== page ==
Reminding Those Who Remember (2 Peter 1.12-15)
“Therefore I intend always to remind you of these qualities, though you know them...” (v.12a)
Reminding, or causing another person to remember, is needed even for those who are knowledgeable and practiced in God’s truths. This concept alone is found in other places in the Bible, but what motivation did the apostle give for his desire to remind the brethren? “Therefore” directs the reader to see what follows through the lens of what was just read. In this context, the Holy Spirit through Peter instructs the brethren to “be all the more diligent to confirm your calling and election” (v.10), resulting in God’s gracious gift of “an entrance into the eternal kingdom” (v.11).
This helps the reader to understand the need for reminding the brethren of “these qualities” (v.12). The spiritual stakes couldn’t be higher in the moments of decision that each of us face daily. Israel was not a people who instantly forgot God’s divine will, nor did they suddenly decide not to heed God’s prophets sent to draw them back to Himself. Slowly, by degrees, they strayed farther and farther from the truth until finally they are described as a people who did not know the LORD! (Hosea 5.4; Amos 3.10).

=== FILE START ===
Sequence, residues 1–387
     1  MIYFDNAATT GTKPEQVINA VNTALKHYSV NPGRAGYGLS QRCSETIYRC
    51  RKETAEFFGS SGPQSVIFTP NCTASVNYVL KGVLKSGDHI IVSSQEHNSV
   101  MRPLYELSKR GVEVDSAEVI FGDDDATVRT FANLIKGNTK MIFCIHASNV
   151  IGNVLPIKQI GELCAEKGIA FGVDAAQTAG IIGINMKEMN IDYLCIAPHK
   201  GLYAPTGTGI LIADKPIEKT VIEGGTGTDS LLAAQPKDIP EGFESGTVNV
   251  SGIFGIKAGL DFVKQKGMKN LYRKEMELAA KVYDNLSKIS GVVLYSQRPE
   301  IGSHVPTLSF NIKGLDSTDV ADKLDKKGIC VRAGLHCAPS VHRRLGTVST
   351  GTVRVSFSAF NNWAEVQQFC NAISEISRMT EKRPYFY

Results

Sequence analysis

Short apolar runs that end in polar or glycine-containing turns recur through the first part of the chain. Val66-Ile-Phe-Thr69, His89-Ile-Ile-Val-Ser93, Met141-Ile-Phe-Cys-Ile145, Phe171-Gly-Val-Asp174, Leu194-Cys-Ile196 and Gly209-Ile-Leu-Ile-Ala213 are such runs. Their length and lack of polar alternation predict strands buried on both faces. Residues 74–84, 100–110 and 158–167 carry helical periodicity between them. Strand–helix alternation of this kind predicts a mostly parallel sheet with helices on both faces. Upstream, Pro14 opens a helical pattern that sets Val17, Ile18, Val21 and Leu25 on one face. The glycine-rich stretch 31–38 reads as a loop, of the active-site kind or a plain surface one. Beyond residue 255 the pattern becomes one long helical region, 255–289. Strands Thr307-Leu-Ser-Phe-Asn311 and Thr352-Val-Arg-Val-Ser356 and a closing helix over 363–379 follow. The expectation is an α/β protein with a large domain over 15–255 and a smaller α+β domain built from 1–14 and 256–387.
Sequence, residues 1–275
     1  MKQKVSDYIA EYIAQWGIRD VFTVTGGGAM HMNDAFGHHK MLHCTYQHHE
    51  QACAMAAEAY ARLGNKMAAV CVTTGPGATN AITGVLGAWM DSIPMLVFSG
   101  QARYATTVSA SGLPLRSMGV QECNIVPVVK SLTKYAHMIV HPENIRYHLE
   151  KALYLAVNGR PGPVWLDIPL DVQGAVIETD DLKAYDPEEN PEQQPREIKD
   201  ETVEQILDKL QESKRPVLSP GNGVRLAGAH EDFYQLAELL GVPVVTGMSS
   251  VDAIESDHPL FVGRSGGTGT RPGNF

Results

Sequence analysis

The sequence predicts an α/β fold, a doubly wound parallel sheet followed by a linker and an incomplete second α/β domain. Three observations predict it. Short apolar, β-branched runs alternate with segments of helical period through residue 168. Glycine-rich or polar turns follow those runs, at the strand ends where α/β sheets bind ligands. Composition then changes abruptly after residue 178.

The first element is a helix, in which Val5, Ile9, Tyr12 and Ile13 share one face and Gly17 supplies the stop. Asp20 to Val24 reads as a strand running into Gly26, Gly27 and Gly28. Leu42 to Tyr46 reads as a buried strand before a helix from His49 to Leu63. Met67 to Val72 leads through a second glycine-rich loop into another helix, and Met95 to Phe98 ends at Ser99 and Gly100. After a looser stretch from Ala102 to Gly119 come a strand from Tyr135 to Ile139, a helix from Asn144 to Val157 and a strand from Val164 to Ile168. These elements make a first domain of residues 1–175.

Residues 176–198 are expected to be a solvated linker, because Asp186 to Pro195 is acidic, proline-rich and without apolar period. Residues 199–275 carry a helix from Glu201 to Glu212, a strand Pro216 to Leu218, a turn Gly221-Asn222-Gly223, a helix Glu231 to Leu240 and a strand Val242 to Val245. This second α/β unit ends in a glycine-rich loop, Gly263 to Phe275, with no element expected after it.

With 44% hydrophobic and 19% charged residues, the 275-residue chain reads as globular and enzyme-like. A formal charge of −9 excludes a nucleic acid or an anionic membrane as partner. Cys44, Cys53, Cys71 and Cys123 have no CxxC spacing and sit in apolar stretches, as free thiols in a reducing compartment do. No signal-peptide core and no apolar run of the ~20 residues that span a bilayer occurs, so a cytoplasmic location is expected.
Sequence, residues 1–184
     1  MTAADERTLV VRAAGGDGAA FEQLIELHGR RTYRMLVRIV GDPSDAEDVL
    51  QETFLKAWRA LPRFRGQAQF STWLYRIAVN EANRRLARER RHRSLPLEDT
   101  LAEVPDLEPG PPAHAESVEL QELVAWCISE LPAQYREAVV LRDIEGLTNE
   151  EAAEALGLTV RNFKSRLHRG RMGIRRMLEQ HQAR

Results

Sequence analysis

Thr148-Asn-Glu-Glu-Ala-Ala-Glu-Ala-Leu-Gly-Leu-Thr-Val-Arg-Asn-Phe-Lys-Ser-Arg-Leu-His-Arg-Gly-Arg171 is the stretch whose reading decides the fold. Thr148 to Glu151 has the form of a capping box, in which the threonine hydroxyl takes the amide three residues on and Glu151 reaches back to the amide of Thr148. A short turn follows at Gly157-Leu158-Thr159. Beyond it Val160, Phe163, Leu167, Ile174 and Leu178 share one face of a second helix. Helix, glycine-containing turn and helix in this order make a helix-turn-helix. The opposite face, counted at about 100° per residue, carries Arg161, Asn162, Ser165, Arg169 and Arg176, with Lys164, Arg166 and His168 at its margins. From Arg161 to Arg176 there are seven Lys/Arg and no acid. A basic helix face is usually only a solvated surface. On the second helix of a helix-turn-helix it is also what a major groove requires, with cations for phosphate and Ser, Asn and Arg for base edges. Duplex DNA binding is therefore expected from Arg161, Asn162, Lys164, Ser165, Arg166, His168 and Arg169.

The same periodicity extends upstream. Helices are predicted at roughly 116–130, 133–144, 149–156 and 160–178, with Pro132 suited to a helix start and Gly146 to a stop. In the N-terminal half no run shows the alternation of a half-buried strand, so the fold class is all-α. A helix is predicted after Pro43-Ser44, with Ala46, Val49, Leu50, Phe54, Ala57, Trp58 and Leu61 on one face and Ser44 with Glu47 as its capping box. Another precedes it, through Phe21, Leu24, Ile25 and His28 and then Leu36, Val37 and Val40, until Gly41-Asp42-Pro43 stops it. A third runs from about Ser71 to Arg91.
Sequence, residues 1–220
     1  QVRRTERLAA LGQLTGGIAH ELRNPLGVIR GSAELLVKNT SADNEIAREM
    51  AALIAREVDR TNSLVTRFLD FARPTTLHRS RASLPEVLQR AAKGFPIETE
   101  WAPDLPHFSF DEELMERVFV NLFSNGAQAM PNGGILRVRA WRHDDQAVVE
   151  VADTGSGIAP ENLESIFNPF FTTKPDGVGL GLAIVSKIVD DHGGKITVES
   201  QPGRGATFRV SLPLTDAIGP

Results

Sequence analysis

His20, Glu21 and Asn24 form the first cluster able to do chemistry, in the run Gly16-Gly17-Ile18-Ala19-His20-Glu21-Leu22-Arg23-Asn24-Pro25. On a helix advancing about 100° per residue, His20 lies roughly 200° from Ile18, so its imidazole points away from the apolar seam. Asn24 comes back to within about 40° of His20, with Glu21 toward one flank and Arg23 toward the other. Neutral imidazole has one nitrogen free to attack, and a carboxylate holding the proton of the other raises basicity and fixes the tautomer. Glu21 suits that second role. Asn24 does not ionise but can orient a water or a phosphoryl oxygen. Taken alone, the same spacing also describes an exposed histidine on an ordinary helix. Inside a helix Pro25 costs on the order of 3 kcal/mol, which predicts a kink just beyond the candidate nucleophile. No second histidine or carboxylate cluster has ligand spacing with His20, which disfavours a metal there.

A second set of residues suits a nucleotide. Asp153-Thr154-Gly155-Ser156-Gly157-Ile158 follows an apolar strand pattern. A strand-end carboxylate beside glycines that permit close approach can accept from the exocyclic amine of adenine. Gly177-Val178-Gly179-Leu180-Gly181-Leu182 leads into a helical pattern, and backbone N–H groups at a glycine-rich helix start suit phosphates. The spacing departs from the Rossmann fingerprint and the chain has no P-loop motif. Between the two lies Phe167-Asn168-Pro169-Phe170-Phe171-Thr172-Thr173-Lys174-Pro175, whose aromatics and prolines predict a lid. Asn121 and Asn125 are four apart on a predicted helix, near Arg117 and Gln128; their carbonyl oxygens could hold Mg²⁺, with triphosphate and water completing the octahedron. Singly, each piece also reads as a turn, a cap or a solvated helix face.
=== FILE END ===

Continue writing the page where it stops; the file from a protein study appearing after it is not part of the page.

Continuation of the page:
The concept of covenant is an agreement established by commitment and sustained by memory. To that end, Peter by inspiration is seeking to provoke his readers to remember these things even though they are knowledgeable and have been established in these things for some time. Many of the congregations where Christians worship today in the U.S. are already older than nearly all the original congregations to whom Peter’s letter might have been read! How much more so are we in 2018 in need of reminding of “these qualities”! Even those Christians who already have the truth of God’s word “dyed in the wool” so to speak, need to be reminded of the “old paths” (Jeremiah 6.16).
“I think it right, as long as I am in the body, to stir you up by way of reminder” (v.13)
Peter’s desire to strengthen the memory is matched with his efforts both in this letter and in his ministry in general toward Christians. This stirring up is intended to produce a desired effect, perhaps to support their efforts to adopt and practice the “qualities” that the letter addresses prior to this section. The phrase “to stir you up” is an interesting and unique phrase that is found only here in the New Testament. In fact, the word “stir” only occurs one other place in the New Testament (Hebrews 10.24) and is also a relatively uncommon word in the Old Testament.